"There are a lot of new immigrants in the area and they're eager to vote, so I pick up new issues talking with them," he said.

If elected, Grignol hopes to take with him to Richmond what he has learned while campaigning and combine it with his experience as a defense contractor and lobbyist for a fathers-rights organization to continue to advocate for "socially conservative" legislation.

"We need to keep more money in the area for traffic, for taxes, for education reform and for health care," said Grignol. He considers himself a better choice than his opponent because "I'll do what I say regardless of what other members of the party are doing," he said.

Most of Grignol's campaign has centered of grassroots-type politicking: going door-to-door, attending back-to-school nights and having volunteers manning a phone bank to call residents. "My daughters have gotten their friends and their friends' parents involved which has been a great help," he said.

Personally, Grignol considers Sickles "a nice guy" who has lost touch with the residents of the district.

'He voted for the largest tax increase in Virginia history but none of the money went towards transportation," said Grignol. "He also introduced a bill to raise the gas tax 7 cents per gallon. He's got no thought of trying to do things differently."

WITH THEIR father running for delegate, Grignol's daughters have become his biggest supporters. Youngest daughter Julianne, 10, is running for class president and Melissa, 12, said she would like to go to Richmond to see her father in action if he's elected.

"I've been taking civics this year but I don't know much about how the House of Delegates works," said Melissa. "I've been learning a lot about it this summer helping my dad."

Grignol has served as the treasurer of the Northern Virginia Regional Fatherhood Coalition for several years and Franklin Malone, president of that organization, said Grignol would be a "family type of delegate who's focused on what's best for the family."

Malone said Grignol has presented several bills and pieces of legislation in Richmond to delegates in the past. "We need a voice representing diversity and the choices families need to make regarding fathers," he said. "We're going to put our people out to work for Ron and encourage people to vote for him. You don't need a wimp to represent you and Ron has shown he has a strong voice."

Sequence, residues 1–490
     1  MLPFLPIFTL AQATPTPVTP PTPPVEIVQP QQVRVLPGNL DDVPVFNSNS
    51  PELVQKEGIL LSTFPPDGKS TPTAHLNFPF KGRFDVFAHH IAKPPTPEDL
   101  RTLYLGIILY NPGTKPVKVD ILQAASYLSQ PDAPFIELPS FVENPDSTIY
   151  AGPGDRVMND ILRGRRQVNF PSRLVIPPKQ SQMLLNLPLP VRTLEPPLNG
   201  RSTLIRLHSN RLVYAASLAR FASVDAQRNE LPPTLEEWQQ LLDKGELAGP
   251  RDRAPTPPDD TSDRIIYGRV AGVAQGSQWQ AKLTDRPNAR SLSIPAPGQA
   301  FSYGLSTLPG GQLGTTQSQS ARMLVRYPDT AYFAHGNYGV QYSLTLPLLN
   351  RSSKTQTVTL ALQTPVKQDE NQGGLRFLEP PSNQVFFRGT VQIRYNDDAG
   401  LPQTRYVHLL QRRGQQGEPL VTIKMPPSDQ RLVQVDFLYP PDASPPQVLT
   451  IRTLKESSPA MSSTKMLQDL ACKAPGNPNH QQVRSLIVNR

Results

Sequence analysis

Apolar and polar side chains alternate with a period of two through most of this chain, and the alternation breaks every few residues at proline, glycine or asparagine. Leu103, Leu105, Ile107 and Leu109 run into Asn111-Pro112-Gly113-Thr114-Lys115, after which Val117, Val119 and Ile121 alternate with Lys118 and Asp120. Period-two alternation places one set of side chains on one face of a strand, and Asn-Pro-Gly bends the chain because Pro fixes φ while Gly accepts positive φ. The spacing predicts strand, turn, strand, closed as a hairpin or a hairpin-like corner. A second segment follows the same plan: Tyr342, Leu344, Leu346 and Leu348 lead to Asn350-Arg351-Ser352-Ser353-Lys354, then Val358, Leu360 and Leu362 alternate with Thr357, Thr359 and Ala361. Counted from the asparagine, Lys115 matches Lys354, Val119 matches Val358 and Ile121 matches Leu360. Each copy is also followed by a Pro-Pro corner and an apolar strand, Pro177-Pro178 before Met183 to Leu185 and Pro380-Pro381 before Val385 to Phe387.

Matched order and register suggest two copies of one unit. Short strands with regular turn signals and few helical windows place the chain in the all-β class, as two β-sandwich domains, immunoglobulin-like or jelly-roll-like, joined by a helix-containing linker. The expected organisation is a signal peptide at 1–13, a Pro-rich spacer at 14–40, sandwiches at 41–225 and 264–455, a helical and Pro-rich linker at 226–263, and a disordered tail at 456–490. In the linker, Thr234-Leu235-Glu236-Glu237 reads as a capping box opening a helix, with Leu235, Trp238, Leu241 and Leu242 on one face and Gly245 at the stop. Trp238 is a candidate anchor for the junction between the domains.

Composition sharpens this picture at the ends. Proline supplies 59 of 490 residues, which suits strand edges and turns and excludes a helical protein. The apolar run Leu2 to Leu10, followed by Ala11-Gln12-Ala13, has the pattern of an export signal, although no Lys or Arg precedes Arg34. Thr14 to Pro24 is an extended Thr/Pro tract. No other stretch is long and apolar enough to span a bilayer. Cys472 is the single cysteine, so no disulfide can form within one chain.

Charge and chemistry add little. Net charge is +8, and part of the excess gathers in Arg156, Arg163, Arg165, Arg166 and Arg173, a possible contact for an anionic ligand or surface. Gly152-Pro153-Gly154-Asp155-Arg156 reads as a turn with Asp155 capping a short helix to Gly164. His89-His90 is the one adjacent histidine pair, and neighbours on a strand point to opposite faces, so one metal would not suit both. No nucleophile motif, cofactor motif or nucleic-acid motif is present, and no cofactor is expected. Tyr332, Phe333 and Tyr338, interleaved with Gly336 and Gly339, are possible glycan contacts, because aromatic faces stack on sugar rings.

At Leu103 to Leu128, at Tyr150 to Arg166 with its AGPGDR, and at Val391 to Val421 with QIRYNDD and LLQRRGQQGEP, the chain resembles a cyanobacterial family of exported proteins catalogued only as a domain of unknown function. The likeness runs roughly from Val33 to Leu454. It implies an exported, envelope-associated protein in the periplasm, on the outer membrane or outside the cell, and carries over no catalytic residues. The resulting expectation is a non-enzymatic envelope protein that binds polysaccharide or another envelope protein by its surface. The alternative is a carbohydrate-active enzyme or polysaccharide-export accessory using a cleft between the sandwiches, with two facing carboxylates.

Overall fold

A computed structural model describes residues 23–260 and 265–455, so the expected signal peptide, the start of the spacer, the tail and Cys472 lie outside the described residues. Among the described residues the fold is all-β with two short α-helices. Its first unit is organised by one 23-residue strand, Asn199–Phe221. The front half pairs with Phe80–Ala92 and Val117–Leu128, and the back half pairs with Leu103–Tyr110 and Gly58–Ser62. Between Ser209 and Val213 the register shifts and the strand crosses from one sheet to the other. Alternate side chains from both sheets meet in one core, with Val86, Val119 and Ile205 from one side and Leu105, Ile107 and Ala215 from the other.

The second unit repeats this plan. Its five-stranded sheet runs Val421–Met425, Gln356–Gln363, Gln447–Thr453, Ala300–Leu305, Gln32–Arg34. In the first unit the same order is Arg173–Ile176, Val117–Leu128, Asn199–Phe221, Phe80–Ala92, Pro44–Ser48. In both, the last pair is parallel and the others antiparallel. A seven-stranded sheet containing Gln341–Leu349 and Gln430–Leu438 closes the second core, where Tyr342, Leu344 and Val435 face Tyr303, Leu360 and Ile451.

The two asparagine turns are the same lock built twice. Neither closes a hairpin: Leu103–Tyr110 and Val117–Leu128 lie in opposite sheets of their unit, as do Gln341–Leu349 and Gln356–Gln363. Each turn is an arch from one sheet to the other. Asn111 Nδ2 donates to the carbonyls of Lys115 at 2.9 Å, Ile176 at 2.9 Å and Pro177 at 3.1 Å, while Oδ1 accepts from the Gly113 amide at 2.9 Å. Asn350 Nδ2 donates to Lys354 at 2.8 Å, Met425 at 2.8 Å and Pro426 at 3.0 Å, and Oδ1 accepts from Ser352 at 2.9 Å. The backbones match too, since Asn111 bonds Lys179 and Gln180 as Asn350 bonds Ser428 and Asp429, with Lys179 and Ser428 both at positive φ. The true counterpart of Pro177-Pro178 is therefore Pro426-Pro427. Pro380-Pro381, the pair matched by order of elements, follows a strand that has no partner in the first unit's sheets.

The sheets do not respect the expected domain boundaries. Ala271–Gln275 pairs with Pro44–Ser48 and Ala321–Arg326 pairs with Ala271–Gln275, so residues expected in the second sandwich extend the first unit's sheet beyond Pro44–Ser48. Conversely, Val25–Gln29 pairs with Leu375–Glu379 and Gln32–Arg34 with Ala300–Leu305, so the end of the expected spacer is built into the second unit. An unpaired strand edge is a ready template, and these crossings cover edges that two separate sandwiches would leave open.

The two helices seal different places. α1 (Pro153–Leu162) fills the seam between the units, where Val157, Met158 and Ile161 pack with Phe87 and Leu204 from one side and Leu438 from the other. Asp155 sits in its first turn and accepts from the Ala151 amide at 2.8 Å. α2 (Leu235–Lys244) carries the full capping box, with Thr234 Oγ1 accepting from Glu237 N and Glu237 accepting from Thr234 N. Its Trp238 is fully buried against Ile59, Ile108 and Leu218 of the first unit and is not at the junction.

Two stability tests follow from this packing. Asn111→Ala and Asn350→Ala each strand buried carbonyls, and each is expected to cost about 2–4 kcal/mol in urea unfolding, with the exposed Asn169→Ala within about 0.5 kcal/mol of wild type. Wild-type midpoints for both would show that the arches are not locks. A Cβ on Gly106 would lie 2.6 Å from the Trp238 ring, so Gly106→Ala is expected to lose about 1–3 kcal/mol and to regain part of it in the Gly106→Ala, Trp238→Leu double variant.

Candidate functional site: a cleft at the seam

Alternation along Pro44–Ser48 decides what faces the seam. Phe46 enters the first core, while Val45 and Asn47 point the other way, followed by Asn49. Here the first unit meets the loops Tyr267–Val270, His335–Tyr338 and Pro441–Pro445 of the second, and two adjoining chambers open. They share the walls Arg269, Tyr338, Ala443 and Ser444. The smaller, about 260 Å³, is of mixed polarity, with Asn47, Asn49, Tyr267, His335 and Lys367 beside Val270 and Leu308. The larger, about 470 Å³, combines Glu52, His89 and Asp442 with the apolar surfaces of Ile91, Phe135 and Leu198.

Campaign manager Jay Ford said unlike other candidates he's worked with, Grignol has kept his wits about him while running for office.

"Usually, when a person announces their candidacy their IQ drops 70 points, but this is completely different," Ford said. "Ron is a rocket scientist and he thinks that way, usually totally different from the rest of us."

While campaigning with Grignol, Ford said that most people they have met going door-to-door have been receptive to his message. "We're going out to a lot of community events," said Ford. "I've never attended a back-to-school night before, but that's what you have to do here to keep up with the incumbent."

At the end of the day, Ford believes that Grignol will make decision based on "what's right for the area" if elected to the House. "I've met all kinds of candidates with ulterior motives, but he doesn't have any intention of running for another sort of office."

Prior to Election Day, Ford hopes residents of the 43rd District will "read over both candidates and look at the issues" before casting their vote. "Ron is in the right place on the issues that effect this area," he said.

Sickles, the incumbent, admitted that his opponent "has been working very hard on his campaign," but isn't sure Grignol has had enough experience in the public arena to be a representative.

"It has made me a better candidate because he's worked so hard, but I've got a good record to defend," said Sickles, adding that he's "looking forward to" the remainder of the campaign.